One final note here: in 5:3, Paul references those who say, “There is peace and security.” Peace and security were an unofficial slogan of the Roman empire, printed on much of the Roman currency of the day. By dismissing those who say this, Paul is reminding the Thessalonians to not put their hope in the empire, but to remember that it too will one day fall, but the Universal Church will endure.

5:12-22 The Second Formula of Reference


The last thing I want to touch on is the second formulaic passage in 1 Thessalonians. As I mentioned above, this on is much more formulaic than that of chapter 4, and I think reflects an early form of liturgy that leaders like Paul or Silvanus may have used to remind the church of it’s duties as followers of Christ. I just want you to read this passage, cherish it, take it to heart, and reflect on it as, again, one of the earliest examples of liturgy for the Christian church.There is much to be learned here, and much to emulate on our own journeys:

12 But we appeal to you, brothers and sisters, to respect those who labor among you, and have charge of you in the Lord and admonish you; 13 esteem them very highly in love because of their work. Be at peace among yourselves. 14 And we urge you, beloved, to admonish the idlers, encourage the fainthearted, help the weak, be patient with all of them. 15 See that none of you repays evil for evil, but always seek to do good to one another and to all. 16 Rejoice always, 17 pray without ceasing,18 give thanks in all circumstances; for this is the will of God in Christ Jesus for you. 19 Do not quench the Spirit. 20 Do not despise the words of prophets, 21 but test everything; hold fast to what is good; 22 abstain from every form of evil.

So good.

Tomorrow: Galatians 1-2

For a PDF of the 30 Days of Paul reading plan, click here.


For more info on 30 Days of Paul, click here for my intro, or here for Cassandra Farrin’s explanation.


Click Here for Cassandra Farrin’s take on today’s reading.

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1 Thessalonians 1-3: An Inauspicious Start to #30daysofPaul

I, like a lot of progressive Christians I know and read, have had a difficult relationship with Paul and his writings. Letters genuinely written by him, and mistakenly attributed to him, make up a majority of the New Testament, and a good chunk of the Bible. Yet some of his theology can be quite dense, or downright troubling. Some of the ideas I believe to be the most destructive and hurtful to come from Scripture-condemnation of homosexuality, the subjection of women just to name a couple-have rationales drawn from Paul’s writings.

Yet so much Christian thought and theology is drawn from Paul. Ideas we take for granted-the universal church, justification by faith-aren’t teachings of Jesus, but in fact were first articulated, as far as we can tell, by Paul in his letters to the various churches he pastored. Yet, as I alluded to, we progressives have such a tendency to marginalize Paul, in order that we might not have to grapple with the difficult and sometimes uncomfortable things he wrote. This is a grave mistake, and we are missing out on a vital part of Christian tradition if we aren’t intimately familiar with the writings of Paul.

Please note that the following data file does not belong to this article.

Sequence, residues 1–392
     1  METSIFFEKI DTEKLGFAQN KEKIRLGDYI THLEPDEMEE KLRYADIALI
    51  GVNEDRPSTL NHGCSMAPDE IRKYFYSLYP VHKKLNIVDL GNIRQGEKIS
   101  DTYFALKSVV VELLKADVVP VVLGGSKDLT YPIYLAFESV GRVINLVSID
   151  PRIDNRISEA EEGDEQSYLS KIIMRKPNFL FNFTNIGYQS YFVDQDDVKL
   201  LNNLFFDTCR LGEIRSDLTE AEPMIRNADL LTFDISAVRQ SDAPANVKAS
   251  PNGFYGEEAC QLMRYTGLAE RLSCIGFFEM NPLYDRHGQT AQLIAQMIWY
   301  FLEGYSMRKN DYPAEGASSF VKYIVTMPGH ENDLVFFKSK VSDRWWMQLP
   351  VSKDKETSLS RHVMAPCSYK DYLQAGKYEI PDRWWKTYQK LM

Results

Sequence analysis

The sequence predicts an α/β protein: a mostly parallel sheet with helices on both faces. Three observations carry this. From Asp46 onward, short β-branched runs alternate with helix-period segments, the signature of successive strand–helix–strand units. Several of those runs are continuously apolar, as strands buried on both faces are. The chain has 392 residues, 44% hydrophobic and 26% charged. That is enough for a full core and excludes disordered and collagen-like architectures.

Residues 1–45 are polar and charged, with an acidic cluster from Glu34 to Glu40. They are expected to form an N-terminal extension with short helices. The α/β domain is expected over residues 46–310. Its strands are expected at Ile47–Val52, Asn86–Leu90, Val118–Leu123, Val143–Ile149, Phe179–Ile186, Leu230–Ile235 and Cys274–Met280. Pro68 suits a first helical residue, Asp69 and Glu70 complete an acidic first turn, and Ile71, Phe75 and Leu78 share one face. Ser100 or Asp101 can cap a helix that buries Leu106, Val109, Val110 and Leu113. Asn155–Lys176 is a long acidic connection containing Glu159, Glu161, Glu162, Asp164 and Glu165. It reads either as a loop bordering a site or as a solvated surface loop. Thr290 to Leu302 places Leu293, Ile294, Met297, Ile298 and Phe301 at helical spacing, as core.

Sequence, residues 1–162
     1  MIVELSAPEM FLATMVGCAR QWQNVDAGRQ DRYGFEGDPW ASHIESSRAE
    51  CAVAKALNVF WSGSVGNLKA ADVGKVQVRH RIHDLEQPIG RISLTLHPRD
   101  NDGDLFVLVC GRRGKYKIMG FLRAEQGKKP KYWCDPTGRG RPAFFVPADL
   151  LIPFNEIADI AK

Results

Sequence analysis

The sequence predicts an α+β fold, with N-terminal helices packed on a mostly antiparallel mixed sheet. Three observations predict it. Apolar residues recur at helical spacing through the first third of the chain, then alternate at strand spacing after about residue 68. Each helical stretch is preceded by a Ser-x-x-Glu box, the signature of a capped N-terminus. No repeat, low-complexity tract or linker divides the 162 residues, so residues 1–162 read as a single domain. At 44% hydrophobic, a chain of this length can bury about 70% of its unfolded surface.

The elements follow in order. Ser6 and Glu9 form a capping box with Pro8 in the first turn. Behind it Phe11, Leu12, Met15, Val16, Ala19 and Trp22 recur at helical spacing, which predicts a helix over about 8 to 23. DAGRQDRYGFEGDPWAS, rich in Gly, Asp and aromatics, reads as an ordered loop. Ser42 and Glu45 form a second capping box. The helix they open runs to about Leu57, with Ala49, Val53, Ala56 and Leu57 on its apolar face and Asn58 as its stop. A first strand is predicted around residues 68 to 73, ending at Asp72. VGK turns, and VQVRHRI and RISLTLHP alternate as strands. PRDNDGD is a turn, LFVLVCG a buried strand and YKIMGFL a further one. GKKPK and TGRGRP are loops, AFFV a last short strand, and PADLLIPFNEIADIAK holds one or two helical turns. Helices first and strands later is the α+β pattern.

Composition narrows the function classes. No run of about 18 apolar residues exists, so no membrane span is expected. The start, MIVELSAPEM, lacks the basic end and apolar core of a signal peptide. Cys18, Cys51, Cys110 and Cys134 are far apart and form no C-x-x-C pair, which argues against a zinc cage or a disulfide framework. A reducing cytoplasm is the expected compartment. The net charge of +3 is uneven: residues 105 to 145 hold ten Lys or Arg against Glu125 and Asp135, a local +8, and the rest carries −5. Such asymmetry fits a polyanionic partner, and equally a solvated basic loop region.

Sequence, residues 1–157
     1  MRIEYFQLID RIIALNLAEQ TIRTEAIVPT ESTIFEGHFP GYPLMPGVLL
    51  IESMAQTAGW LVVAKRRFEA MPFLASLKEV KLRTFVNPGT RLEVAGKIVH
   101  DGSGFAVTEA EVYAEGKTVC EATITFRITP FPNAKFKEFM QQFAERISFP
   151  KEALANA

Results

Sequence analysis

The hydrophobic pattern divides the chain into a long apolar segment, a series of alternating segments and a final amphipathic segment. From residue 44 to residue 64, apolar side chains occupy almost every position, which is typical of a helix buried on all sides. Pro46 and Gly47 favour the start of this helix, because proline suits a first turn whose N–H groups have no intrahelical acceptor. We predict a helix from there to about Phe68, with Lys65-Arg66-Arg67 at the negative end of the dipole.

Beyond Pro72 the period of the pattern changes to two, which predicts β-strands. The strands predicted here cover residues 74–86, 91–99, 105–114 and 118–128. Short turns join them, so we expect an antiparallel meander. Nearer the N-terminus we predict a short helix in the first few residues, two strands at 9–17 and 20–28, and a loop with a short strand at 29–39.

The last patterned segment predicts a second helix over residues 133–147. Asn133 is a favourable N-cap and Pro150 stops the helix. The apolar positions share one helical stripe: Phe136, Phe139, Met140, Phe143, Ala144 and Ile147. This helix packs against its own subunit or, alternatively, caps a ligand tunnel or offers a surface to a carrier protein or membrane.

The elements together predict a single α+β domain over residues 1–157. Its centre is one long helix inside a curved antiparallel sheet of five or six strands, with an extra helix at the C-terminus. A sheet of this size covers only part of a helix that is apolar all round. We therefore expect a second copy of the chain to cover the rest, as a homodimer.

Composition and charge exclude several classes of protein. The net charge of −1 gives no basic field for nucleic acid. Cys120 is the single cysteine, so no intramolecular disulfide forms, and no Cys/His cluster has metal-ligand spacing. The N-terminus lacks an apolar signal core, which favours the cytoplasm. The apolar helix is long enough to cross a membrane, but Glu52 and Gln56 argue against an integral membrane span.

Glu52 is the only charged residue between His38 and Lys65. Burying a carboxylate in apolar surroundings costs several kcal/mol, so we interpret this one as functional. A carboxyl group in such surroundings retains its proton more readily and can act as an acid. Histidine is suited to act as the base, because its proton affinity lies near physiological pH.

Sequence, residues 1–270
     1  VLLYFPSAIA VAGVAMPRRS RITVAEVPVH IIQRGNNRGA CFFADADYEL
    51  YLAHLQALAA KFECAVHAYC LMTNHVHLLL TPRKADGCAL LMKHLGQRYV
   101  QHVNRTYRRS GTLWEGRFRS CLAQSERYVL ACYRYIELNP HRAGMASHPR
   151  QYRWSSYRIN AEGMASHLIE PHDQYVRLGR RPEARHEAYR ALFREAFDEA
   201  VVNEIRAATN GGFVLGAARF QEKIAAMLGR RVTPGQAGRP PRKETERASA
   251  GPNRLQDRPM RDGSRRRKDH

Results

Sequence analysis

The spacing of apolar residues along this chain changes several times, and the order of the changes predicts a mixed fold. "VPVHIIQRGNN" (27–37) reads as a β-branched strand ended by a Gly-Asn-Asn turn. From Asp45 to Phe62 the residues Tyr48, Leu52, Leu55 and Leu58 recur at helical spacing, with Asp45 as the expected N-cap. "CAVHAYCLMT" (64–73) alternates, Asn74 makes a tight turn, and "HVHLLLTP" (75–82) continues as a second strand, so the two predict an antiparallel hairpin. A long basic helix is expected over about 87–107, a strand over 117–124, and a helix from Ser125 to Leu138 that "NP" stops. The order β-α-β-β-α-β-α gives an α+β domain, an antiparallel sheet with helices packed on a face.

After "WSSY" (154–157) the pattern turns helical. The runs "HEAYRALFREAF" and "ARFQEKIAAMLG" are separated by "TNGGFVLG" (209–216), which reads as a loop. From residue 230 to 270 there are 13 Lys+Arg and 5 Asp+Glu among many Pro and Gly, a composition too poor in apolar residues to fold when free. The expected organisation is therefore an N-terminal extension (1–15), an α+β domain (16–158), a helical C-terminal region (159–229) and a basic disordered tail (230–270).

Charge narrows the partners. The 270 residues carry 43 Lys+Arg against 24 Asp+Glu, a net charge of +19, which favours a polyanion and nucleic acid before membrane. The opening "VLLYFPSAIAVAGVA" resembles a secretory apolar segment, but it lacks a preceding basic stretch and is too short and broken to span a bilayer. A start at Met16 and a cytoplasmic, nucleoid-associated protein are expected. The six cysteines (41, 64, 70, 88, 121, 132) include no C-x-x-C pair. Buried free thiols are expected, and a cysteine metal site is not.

This is why I am so excited to be taking part in the “30 Days of Paul” reading challenge being hosted over at the Westar Institute. Blogger Cassandra Farrin is guiding us through a day-by-day reading of the seven authentic letters of Paul (1 Thessalonians, Galatians, 1 Corinthians, 2 Corinthians, Philemon, Philippians, and Romans) through the month of July. She will be writing daily reflections over at the Westar Institute, and I aim to do the same here. I encourage you to join in the reading at least, and the reflection if you feel led to. (Be sure to use the hashtag #30daysofPaul to promote your stuff!)

You can find a PDF of the reading guide for easy printing by clicking here.

So without further adieu, here is the first entry: 1 Thessalonians 1-3.


What a selection to start with. We are engaging in 30 days of reading some of the deepest, most interesting theology in Scripture….and this is what we get on day one. Greetings, some stuff about how cool the Thessalonians are, a little timeline of what Paul has been doing, and a prayer that the Thessalonians stay cool.

Way to hook you, huh?

I know I’m being a little flippant. Basically, what’s happening here is, Paul has gotten word that the church in Thessaloniki has been freaked out because they haven’t seen or heard from Paul since he planted the church, and they really just a little TLC from Paul. Paul sends Timothy to check on things, who reports back that the Thessalonians are doing a great job at being the Church. So Paul writes to tell them he thinks of them often, and more good is coming their way, but things will also be tough at times. He references his own difficulties and struggles, and the difficulties the church in Judea is having. Then he offers a prayer for them, that they will keep the faith and keep growing.

So not the most exciting stuff. But still important, none the less. First, we are setting up the drama of Paul’s final years across these seven letters. A lot will happen to Paul before we get to the end of Romans, things that will be alluded to, and things won’t often be this cheery and upbeat. But it’s a good starting place, to hear Paul’s voice being so positive and uplifting and encouraging. We all need that encouragement from time to time; we all feel forgotten from time to time, like we need a little acknowledgement of the things we are doing in our lives, and a reminder that others are thinking of us.

Exciting? Not so much.

Necessary? Absolutely.

Don’t give up on Paul this easily. Let’s do this 29 more times.